Intrauterine insemination (IUI) is a form of assisted conception treatment. During IUI, your doctor will place selected, washed sperm into your womb (uterus) and near to your egg at your time of ovulation. This procedure is sometimes combined with fertility drugs to increase your chances of conceiving.
IUI is usually straightforward and painless, but it’s no longer recommended as a first-line fertility treatment. It may help you as a couple if:
- You and your partner find it very difficult or are unable to have sex because of disability, injury, or a psychosexual problem.
- You need extra help to conceive, for example, if your partner has a sexually transmitted viral infection and needs sperm washing to protect you and your potential child from the disease.
- You’re in a same-sex relationship and want to use donated sperm to have a baby.
Some fertility problems, such as mild endometriosis, a mildly low sperm count or sperm quality, or unexplained infertility used to be treated with IUI. However, it is no longer recommended for these problems, as research found that success rates using IUI were no better than just carrying on trying to get pregnant naturally.
If you and your partner haven’t conceived after two years of trying, your doctor is likely to recommend IVF. If you have any cultural or religious objections to IVF then you may still be offered IUI.
For IUI to work, your fallopian tubes must be open and healthy. If your doctor suspects you have tubal damage or if you don’t become pregnant after having tried IUI, she may recommend that you have what’s called a tubal patency test. This will help to identify any problems or blockages in your tubes and can be done using one of the following methods:
- laparoscopy, which is a form of keyhole surgery
- hysterosalpingo-contrast sonography (HyCoSy), which uses vaginal ultrasound
- hysterosalpingography (HSG), which is a form of X-ray
If you do have any blockages, you may be recommended IVF, or it may be possible to remove the blockage surgically.
How is IUI carried out?
In most cases, IUI is a straightforward treatment that does not involve the use of fertility drugs. If you do take fertility drugs it's called a stimulated cycle, because the drugs stimulate ovulation. If drugs are not used it's called an unstimulated cycle, or natural cycle.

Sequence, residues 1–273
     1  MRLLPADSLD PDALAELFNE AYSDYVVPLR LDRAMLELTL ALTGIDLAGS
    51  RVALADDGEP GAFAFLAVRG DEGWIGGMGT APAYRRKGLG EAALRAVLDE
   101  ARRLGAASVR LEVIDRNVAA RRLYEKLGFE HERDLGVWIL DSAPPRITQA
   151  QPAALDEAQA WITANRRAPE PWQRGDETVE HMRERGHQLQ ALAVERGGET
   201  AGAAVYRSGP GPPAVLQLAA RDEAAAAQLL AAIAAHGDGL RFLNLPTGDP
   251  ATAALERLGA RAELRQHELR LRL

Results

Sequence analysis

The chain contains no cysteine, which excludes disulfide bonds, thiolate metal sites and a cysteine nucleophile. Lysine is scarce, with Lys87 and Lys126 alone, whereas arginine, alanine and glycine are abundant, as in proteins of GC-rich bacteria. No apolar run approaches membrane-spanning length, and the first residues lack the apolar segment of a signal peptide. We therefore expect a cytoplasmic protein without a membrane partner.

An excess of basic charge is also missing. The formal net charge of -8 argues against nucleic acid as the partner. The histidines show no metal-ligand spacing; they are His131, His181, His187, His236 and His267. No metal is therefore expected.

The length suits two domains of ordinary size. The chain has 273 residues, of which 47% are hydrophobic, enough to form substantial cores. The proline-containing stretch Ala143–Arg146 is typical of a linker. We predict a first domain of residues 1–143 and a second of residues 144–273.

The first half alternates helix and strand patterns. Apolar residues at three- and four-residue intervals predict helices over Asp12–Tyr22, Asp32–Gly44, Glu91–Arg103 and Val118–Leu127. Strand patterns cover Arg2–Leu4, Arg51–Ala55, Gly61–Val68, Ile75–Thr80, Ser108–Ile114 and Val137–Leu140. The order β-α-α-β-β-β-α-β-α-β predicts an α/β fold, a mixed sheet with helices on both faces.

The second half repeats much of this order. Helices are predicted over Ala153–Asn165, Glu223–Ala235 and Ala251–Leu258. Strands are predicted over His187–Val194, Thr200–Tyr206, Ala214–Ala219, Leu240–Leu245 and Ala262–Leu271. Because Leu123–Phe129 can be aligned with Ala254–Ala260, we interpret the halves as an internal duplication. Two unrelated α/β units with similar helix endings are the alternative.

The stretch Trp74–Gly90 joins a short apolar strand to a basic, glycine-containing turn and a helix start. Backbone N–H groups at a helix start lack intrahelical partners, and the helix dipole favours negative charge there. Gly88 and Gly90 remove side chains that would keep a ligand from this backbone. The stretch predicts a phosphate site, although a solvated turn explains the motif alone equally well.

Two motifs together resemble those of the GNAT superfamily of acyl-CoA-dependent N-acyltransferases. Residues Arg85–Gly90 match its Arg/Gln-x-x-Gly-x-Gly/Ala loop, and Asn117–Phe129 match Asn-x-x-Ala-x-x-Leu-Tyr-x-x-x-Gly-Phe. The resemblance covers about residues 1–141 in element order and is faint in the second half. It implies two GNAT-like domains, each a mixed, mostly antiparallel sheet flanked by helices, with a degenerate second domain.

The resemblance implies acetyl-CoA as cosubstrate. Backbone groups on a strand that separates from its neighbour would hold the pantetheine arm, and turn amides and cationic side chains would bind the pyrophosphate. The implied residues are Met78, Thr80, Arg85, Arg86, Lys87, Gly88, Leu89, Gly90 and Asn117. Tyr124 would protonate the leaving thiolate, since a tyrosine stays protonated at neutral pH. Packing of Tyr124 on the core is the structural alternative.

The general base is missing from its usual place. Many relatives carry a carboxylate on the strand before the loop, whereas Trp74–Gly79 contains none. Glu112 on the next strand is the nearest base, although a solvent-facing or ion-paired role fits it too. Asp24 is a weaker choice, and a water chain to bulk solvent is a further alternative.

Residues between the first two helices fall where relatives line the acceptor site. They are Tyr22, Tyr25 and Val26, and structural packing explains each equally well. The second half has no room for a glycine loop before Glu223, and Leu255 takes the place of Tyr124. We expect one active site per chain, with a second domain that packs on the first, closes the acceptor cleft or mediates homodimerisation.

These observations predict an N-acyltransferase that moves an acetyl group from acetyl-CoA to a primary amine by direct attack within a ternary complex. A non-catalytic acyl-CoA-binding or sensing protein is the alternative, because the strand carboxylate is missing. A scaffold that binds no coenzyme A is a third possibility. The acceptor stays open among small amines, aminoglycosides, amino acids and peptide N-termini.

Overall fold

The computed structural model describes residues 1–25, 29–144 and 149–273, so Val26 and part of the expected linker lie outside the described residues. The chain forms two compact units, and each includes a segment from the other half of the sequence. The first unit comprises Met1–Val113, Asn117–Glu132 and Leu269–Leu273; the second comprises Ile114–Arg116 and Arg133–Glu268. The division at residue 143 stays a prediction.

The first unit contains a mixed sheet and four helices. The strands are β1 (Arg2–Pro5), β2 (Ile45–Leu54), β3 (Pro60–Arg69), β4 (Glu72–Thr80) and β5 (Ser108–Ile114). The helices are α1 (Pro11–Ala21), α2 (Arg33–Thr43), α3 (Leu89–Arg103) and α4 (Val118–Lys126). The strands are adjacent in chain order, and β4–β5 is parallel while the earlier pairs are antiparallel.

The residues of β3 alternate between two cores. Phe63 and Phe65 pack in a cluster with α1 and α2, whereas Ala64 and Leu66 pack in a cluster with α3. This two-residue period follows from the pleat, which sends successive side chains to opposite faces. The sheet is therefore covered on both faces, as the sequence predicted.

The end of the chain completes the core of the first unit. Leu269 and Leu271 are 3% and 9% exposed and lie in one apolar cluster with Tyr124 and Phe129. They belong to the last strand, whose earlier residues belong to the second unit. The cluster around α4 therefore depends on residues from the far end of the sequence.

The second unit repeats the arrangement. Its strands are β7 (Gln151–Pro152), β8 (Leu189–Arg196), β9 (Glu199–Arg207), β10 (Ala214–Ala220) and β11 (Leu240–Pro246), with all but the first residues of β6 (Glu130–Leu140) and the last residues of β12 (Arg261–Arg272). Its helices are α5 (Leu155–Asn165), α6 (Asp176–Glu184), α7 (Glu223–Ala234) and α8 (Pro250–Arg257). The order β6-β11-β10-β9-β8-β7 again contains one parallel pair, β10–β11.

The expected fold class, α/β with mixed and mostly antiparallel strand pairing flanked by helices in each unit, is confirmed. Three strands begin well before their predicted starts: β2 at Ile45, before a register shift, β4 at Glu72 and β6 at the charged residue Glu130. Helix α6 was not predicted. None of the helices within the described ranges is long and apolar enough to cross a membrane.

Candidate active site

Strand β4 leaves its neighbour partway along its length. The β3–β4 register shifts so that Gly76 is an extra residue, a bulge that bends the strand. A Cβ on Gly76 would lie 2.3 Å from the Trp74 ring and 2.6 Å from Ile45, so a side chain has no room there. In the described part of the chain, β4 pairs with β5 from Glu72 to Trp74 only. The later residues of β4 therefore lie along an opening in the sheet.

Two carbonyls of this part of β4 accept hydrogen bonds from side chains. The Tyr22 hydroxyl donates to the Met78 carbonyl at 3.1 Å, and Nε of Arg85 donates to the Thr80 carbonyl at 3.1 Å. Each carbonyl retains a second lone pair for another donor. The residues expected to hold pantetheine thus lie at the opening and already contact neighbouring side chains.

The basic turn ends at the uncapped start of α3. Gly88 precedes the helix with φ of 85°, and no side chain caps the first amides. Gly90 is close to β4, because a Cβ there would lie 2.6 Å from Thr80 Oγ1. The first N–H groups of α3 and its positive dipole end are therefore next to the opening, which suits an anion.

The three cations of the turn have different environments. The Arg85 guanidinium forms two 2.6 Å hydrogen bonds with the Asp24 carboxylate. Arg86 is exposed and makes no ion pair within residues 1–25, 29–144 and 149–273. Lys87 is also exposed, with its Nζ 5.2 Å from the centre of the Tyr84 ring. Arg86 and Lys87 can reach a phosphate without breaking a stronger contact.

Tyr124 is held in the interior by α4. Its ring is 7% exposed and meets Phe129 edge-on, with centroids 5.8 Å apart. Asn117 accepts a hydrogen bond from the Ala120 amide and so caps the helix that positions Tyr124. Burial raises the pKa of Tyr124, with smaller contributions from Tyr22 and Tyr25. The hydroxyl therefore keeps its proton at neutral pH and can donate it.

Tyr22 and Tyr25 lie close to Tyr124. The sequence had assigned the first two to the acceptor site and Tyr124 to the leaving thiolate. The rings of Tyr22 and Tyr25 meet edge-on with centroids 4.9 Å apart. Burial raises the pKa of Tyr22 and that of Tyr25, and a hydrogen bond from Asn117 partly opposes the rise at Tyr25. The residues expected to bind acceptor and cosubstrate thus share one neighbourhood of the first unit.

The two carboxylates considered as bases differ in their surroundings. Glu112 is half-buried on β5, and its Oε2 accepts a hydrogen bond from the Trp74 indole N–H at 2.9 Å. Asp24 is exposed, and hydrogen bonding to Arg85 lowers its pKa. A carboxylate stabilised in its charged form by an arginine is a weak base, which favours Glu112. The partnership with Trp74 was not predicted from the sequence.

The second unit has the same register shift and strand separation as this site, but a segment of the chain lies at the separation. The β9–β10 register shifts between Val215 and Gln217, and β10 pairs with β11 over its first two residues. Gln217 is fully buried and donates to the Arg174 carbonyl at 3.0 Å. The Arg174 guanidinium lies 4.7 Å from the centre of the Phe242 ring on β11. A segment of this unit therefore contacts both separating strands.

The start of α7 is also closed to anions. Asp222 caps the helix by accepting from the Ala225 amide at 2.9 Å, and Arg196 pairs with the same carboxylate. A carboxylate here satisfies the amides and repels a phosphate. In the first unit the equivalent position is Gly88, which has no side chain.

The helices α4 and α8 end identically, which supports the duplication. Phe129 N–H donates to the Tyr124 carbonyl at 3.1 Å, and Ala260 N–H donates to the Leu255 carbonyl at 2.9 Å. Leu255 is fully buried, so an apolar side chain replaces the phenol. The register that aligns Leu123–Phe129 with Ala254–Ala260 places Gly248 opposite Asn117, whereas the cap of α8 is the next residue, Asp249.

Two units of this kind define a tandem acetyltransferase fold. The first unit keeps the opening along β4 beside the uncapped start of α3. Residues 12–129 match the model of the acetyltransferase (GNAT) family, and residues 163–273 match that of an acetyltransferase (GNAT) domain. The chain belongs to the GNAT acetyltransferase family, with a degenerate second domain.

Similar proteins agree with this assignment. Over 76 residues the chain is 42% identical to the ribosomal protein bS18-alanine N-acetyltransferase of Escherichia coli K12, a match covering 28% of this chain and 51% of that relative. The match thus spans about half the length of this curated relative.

Stimulating ovulation with IUI is not recommended by the NHS, because there is a much greater risk of a multiple pregnancy when taking fertility drugs. However, it may still be offered to you at a private fertility clinic.
Although having twins or more may sound appealing, multiple pregnancies increase your risk of miscarriage and other pregnancy complications. If fertility drugs are needed, IVF is usually recommended as an alternative because there is more control over the whole process and multiple pregnancy rates can be lower as a result.
In unstimulated cycles, IUI is timed to take place at the time when you’re naturally ovulating. Your doctor may ask you to use an ovulation predictor kit to work this out, or she may track your cycle using blood tests. IUI is usually done between day 12 and day 16 of a natural menstrual cycle, but the exact day will depend on your individual cycle.
If your fertility specialist has offered IUI during a stimulated cycle, you’ll probably be given fertility drugs in the form of tablets or injections. Clomifene citrate is usually the first-choice drug, although sometimes gonadotrophins are used. You’ll start taking the drug near the beginning of your menstrual cycle with the aim of stimulating your ovaries to develop up to two mature eggs for fertilisation.
An ultrasound scan will help to check that there aren’t too many eggs maturing. It also ensures insemination takes place at the best time. You may ovulate naturally, or be given an injection of a hormone called human chorionic gonadotrophin (hcg) to bring it on.
Sperm is then inserted into your womb within around 36 hours to 40 hours after the hcg injection. Your partner will be asked to provide a sperm sample on the day of the treatment. The sample will be washed to remove the fluid surrounding the sperm, then the best-quality and most mobile sperm will be separated out for use in the procedure.
Getting ready for the insemination is a bit like having a smear test, as you lie down on your back while your doctor inserts a speculum into your vagina to keep your vaginal walls apart. Using a catheter (soft flexible tube) through your cervix, your doctor will then put the sperm directly into your womb near a fallopian tube. This is the passage the egg travels along from your ovary to your womb.
Your doctor may ask you to lie still for about 10 minutes to 15 minutes after IUI . Then you’re free to carry on life as normal. You’ll be asked to take a pregnancy test in about two weeks.